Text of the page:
I doubt it but I was doing some work on trying to remove time from Classical Physics (just for the hell of it) and I came across a formula that made me go "huh, not seen that before, but it's kind of neat."
Just out of curiosity has anyone seen this formula before?
X = √ ((X/2Π) * (X*2Π))
So I've been learning Set Theory by myself through Jech and Hrabeck textbook, and I'm having trouble understanding some axioms.
1. Homework Statement
What exactly is the difference between the axiom of pair and axiom of union?
From what I understood, the axiom of pair tells us that there is a...
I am reading Micheal Searcoid's book: Elements of Abstract Analysis ( Springer Undergraduate Mathematics Series) ...
I am currently focussed on Searcoid's treatment of ZFC in Chapter 1: Sets ...
I am struggling to attain a full understanding of the Axiom of Foundation which reads as shown...
Homework Statement
Here the formulation of Dedekind's axioms that I am using:Suppose that line ℓ is partitioned by the two nonempty sets ##M_0## and ##M_1## (i.e., ##\ell = M_0 \cup M_1##) such that every point between two points of ##M_i## is is also in ##M_i##, for ##i = 0,1##. Then there...
I am reading Micheal Searcoid's book: Elements of Abstract Analysis ( Springer Undergraduate Mathematics Series) ...
I am currently focussed on Searcoid's treatment of ZFC in Chapter 1: Sets ...
I am struggling to attain a full understanding of the Axiom of Infinity which reads as shown...
I am reading Micheal Searcoid's book: Elements of Abstract Analysis ( Springer Undergraduate Mathematics Series) ...
I am currently focussed on Searcoid's treatment of ZFC in Chapter 1: Sets ...
I am struggling to attain a full understanding of the Axiom of Replacement which reads as shown...
Hi guys. So I've been wondering, what's so controversial about the axiom of choice? I heard it allows the Banach-Tarski Paradox to work. A little insight would be much appreciated, thanks.
The speed of light is constant in all frame of reference... So the relative motion of the source of light and the frame of reference from which you are making measurement does not matter... Is it an Axiom in relativity ? I understand that they are experimentally proved concepts... But is it an...
P(x) = x ∉ x ⊃ for any set A, there is a set B such that x ∈ B iff x ∈ A and x ∉ x
Does the above mean that different things can bear the same property. For instance, x can be bipedal means x can be an element of the set human or x can be an element of the set ostrich.
Hello,
What "choice" does the Axiom of Choice permit us to make? I've searched high and low and not found a satisfactory answer. To me it seems to add no new information to its hypotheses: Given an arbitrary collection of non-empty sets, isn't it true, without assuming anything and just by...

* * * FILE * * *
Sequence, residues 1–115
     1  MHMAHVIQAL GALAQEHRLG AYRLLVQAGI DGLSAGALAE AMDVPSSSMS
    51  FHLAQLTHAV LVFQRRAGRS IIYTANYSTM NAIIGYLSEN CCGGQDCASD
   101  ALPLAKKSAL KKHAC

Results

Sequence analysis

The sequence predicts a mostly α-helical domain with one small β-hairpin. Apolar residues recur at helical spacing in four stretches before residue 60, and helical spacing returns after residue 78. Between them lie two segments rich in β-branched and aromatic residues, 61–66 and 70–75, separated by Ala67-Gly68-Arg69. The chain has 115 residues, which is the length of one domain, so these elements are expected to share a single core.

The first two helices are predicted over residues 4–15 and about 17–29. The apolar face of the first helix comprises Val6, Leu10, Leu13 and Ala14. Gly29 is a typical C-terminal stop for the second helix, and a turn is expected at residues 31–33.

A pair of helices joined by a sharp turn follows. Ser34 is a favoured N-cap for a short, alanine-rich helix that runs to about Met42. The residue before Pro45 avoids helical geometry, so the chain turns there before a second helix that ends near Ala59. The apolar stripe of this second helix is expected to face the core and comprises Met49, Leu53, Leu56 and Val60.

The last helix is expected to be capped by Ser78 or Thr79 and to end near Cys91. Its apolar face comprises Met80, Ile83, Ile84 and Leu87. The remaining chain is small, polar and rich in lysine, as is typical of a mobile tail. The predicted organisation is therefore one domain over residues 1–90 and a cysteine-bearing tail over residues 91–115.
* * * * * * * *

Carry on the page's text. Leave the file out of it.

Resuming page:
As I understand the ZFC solution to Russell's paradox, since {x|x\notinx} must be {x|x\notinx}\capS for some set S, the paradox goes away, but in Morse-Kelley, if I understand Class Comprehension correctly, although again there must be some M such that {x|x\notinx}\capM, this M may be a proper...
I've already asked somebody through email this question, so I'll copy and paste part of my email:
Basically, I'm wondering why doesn't it fall from the other axioms, and if it does in fact not fall from the other axioms (which it apparently doesn't), why the axioms can't be slightly modified...
The Axiom of Dependent Choice, a weaker version of the Axiom of Choice, states that for any nonempty set X and any entire binary relation R on X, there is a sequence (x_n) in X such that x_n R x_n+1 for each n in N.
My question is, what would happen if you restricted the relations to...
According to wikipedia, absorption is an axiom for a boolean algebra. This seems incorrect to me, since I believe absorption can be proved from the other axioms (distributivity, associativity, commutativity, complement, identity).
Thoughts?
## AB' + A = AB' + A*1 = A(B'+1) = A(1) = A ##
BiP
In page 6 of Naive Set Theory by Halmos, he introduces the definition of the axiom of specification, then sets up one example based on the axiom, in which he changes ##S(x)## to ##x \not \in x## to illustrate something. I understand that this mean ##x## doesn't belong in ##x##.
Afterwards...
According to a result of Paul Cohen in a mathematical model without the axiom of choice there exists an infinite set of real numbers without a countable subset. The proof that every infinite set has a countable subset (http://www.proofwiki.org/wiki/Infinite_Set_has_Countably_Infinite_Subset) is...
The axiom of choice on a finite family of sets.
I just been doing some casual reading on the Axiom of CHoice and my understanding of the is that it assert the existence of a choice function when one is not constructable. So if we have a finite family of nonempty sets is it fair to say we can...